Imperfect Paradise Synopsis:
Imperfect Paradise tells a story of internal awakening and delivers a powerful message about hope, happiness, and finding your place in the world. A classic romance with a contemporary twist, it is sure to appeal to fans of modern, liberating fiction.
For thirty-two-year-old Sarah Chizeck, marriage was not an option, but an expectation. She was raised to believe that a woman’s main focus is to get married and start a family, and she put everything on hold to accomplish this goal.
When she finally marries her boyfriend of five years, Michael—a smart, successful and charismatic dream—her family is ecstatic; but is Sarah? Underneath Sarah’s smiles, feelings begin to surface.
Sarah’s career and personal interests were not all she put on hold to pursue marriage. She also put her feelings on the backburner and buried her emotions. When she reluctantly goes to Hawai’i for her honeymoon, the raw beauty of where she is and who she is surrounded by drudges up passions, and she is both pleased and alarmed by the sensory experiences she encounters.
Terrified by her attraction to a handsome young concierge, Sarah is forced to confront her emotional state, as well as emotions she previously ignored, and she ultimately comes to surprising revelations about her upbringing, marriage, and future.
Guest Post by Dan Dembiczak
When I began working on Imperfect Paradise, I knew it was a woman’s story. And not just any woman. Sarah Chizeck – the protagonist – is deeply complex, somewhat challenging and absolutely human. The inspiration for her began with taking the women’s self-discovery stories of the late 1800s and putting it in modern times. I was most interested in Kate Chopin’s The Awakening, a book that spoke to me at an early age and the power of the story has stuck with me for a long time. In early feminist fiction, the woman was always seeking to escape – and unfortunately the only escape route meant her own demise. I wanted to explore a more positive option, but equally delve into the messiness of figuring out one’s true path. I also looked deeply into Henrik Ibsen’s A Doll’s House and, for a more contemporary point of reference, The Hours by Michael Cunningham.
As far as comprehending a woman’s feelings and gaining insight, beyond being a huge fan of women’s fiction, I grew up around a lot of women. I’m the youngest of four siblings, with three older sisters. So it was like I had four mothers! I’ve also had some very special female friendships over the years and observed the markedly different experience a woman has even in these modern times. I chose first-person narration because of its personable nature and its ability to connect the reader to the character’s inner emotional states.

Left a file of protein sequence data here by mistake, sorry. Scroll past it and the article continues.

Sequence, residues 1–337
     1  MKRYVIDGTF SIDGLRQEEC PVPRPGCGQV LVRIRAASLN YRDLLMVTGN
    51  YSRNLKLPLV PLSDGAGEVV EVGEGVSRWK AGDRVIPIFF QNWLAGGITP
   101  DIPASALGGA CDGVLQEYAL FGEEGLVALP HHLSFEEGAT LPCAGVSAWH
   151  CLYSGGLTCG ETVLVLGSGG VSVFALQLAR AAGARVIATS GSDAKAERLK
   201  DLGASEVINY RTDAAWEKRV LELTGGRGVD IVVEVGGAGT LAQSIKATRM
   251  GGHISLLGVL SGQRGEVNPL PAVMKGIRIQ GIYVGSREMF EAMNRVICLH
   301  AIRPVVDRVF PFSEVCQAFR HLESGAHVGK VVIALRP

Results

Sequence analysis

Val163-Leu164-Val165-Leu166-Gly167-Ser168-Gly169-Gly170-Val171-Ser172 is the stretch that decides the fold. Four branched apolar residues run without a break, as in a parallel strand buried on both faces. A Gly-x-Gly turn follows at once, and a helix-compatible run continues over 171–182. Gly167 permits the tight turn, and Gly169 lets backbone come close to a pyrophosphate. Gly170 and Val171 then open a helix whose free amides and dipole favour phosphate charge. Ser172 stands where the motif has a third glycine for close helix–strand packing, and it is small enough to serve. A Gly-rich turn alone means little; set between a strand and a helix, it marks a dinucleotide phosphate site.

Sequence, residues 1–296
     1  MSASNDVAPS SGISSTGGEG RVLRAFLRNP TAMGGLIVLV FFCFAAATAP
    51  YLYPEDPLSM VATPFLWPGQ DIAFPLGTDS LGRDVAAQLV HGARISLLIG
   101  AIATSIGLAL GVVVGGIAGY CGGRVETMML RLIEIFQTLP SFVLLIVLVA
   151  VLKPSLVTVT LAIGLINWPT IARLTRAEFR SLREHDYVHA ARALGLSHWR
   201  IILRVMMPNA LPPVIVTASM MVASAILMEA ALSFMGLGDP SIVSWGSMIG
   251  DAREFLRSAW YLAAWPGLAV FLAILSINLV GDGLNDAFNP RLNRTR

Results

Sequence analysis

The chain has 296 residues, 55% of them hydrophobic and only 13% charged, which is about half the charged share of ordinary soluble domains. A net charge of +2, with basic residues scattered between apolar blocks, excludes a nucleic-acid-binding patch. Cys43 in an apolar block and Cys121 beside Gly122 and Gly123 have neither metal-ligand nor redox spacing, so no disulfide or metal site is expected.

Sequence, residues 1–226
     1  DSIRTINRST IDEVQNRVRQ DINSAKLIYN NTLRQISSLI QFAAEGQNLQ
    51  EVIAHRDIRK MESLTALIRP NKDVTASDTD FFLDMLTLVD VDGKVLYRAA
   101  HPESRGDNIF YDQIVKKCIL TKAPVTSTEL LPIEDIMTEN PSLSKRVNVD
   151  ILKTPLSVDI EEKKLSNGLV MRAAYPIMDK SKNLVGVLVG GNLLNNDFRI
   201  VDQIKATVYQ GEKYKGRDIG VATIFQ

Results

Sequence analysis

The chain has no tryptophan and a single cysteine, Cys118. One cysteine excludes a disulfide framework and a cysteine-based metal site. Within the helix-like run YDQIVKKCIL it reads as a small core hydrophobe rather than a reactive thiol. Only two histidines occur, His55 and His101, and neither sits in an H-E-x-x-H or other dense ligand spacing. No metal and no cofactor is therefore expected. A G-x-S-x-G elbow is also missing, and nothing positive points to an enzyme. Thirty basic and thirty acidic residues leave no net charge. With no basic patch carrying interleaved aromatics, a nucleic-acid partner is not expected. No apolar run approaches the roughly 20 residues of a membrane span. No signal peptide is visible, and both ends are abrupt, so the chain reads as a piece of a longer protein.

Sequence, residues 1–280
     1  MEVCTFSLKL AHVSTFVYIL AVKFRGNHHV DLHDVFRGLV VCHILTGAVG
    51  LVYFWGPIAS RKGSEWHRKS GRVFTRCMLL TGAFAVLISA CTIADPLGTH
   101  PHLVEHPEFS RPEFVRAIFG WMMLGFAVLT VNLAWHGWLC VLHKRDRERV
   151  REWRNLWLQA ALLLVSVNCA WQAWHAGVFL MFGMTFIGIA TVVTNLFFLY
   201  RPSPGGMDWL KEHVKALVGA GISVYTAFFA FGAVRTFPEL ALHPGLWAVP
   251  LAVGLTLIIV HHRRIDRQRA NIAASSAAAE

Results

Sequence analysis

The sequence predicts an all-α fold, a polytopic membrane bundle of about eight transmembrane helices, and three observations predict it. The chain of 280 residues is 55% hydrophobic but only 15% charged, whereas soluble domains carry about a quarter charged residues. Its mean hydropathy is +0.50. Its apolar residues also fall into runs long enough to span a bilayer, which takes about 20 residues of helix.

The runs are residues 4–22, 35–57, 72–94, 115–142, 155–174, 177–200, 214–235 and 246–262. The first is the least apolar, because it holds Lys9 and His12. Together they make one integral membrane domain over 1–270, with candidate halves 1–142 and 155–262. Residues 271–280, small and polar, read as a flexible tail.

I wanted Sarah to be a challenge for the reader, much like Edna was in The Awakening. At first we see her as a privileged newlywed whose biggest problem is that she didn’t get Paris for her honeymoon and instead has to spend two weeks at a Hawaiian resort. But then as the story unfolds and we learn of her backstory, it becomes more evident that she isn’t living life for herself. She’s trying to fit into a paradigm her family and society have set for her and ignore her doubts, regrets and misgivings. We learn that she has never faced up to a desire to create art, not just work behind the scenes (which was her career before quitting work to focus on wedding arrangements). She wants a say in things. She wants her own life, but has never known how to articulate that until this bizarre awakening takes place on a tropical island while her husband golfs.
In the end, Sarah is a woman who is willing to withdraw from an extremely comfortable place to find her true self. And to live it. Her story isn’t so much about which man is better for her, but about unraveling her deepest truths and greeting them with the warmest aloha.
About the Author
Dan Dembiczak is a Seattle native who began writing stories as soon as he could spell. He earned a BA in creative writing from the University of Washington and has worked extensively in local theater as a playwright, actor, director, and producer. Eight of his plays were produced in Seattle, including the popular four-part Capitol Hill High series, and a number of his articles and short stories have appeared in publications in Seattle and Los Angeles.
Dembiczak has traveled extensively to the Hawaiian islands, particularly the Big Island, where he was married in 2008, and considers Hawai'i his second home. He primarily resides in Seattle with his husband, dog, and chickens, and is currently working on his second novel.
Follow Dan on Twitter @ImperParadise